Following our emails to members of the London Assembly expressing our concern about the lobbying from Canary Wharf, I received this email from the Darren Johnson AM (also responding on behalf of Jenny Jones AM):
Many thanks for your message. I am responding on behalf of the Green Assembly Members, myself and Jenny Jones AM.
I share your concerns about the scale and ferocity of the lobbying from some sections of the business community against the plans for an East-West cycling superhighway. This is a long over-due addition to making cycling safer in London and has our support. Whilst the Canary Wharf Group have every right to lobby against a particular transport project as part of the democratic process, it is nevertheless still very disappointing that they hold such outdated views and that they expending time and energy actively blocking key measures that will improve cyclists' safety in London. Thankfully, the public consultation has generated a strong reaction amongst those businesses which are keen to support the superhighway and I will be pressing the Mayor not to dilute the plans.
I also share your concern at the apparent attempt by the Canary Wharf Group to keep the lobbying anonymous, especially when a leading member of the Transport for London Board has not declared his affiliation to the strong views of his employers. The Assembly's Transport Committee which I sit on was assured that legal advice was being sought on this, following complaints. Whatever the outcome of the legal advice on the position of Peter Anderson, it would be unimaginable that any member of the Board should not be asked to declare them. As chair of TfL's Finance and Policy committee, Peter Anderson is clearly in a very influential position. The key issue for me is the issue pecuniary interest, with Mr Anderson being seen to advocate a position which he believes is in the commercial interests of his employers. Such a pecuniary interest would appear to make his position untenable in chairing or taking part in any discussion on this at the TfL board. I will be pursuing this matter formally with the Mayor.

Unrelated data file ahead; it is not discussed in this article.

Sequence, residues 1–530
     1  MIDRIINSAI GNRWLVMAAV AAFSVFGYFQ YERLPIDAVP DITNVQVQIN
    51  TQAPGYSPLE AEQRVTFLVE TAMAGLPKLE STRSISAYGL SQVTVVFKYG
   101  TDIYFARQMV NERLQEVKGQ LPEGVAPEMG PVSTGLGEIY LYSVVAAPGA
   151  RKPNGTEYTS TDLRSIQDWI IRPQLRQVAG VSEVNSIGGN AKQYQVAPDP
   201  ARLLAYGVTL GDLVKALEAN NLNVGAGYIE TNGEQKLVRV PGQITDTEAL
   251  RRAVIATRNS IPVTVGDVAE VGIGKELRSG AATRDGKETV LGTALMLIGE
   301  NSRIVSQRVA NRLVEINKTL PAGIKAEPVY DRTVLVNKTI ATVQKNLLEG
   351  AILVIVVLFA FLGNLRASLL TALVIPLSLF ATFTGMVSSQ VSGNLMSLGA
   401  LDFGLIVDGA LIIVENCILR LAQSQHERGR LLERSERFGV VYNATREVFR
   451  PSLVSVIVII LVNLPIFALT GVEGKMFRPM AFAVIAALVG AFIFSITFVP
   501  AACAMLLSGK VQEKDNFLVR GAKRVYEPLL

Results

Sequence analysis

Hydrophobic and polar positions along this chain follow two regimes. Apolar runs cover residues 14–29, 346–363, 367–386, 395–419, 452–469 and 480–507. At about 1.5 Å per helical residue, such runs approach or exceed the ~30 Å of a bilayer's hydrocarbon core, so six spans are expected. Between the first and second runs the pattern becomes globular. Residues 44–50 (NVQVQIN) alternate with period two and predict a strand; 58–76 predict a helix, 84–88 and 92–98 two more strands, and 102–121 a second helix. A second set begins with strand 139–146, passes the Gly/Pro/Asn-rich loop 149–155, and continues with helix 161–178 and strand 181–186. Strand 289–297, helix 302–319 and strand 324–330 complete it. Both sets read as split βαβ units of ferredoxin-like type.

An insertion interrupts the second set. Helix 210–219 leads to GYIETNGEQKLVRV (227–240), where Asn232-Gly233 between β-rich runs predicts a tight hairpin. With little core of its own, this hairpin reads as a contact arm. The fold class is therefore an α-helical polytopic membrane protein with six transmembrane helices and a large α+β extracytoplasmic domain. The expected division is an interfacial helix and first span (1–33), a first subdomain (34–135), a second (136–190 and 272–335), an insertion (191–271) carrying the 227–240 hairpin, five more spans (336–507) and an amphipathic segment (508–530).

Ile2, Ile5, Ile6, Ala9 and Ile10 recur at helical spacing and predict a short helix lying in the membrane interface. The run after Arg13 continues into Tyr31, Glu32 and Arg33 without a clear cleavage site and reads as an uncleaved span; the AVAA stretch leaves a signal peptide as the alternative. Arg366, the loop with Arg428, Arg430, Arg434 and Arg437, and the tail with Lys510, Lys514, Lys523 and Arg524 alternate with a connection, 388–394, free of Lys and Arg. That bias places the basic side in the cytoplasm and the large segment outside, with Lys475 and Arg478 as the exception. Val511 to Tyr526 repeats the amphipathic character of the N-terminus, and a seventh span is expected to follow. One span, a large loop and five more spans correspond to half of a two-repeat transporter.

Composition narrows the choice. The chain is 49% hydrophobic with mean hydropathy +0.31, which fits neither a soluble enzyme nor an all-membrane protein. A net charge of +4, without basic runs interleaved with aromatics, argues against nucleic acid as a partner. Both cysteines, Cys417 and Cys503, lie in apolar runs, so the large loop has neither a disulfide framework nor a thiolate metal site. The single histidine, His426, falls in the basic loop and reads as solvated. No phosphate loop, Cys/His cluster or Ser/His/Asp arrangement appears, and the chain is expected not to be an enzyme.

On the wider issue of the superhighways, it is clear from many of the Mayor's recent answers to my formal written questions that between three or four more highways will be built by May 2016, when Boris Johnson's term as Mayor comes to an end. He will have failed to deliver on the promise to build 12 superhighways which he made back in 2009. A promise he repeated, with the addition of the East-West superhighway, in his manifesto of 2012. My concern is that most of the current projects contained in the cycling vision, including the superhighways, will not be finished by 2016 and could be abandoned by an incoming Mayor.
The plans for better junctions and the initial three mini-Holland schemes also need the support of everyone who believes that safer cycling is one of the key priorities for reducing traffic congestion and pollution in London. Whilst I can understand why defending the proposal for an East-West superhighway is particularly important, I am also keen not to lose sight of the bigger picture.
Promoting cycling and decreasing road danger have been consistent priorities for the Greens on the London Assembly and will continue to remain so. If you would like to be kept informed about our work on cycling then please email Rachel.Carlill@London.gov.uk and we will add you to our email circulation list (emails are approximately once a month). Please be assured of our continued commitment to making our streets safer and more attractive for cyclists through our work with cycling campaigners, through putting pressure on the Mayor and TfL and through our formal committee work here at City Hall.
Darren Johnson AM
Green Party Member
London SE1 2AA
020 7983 4388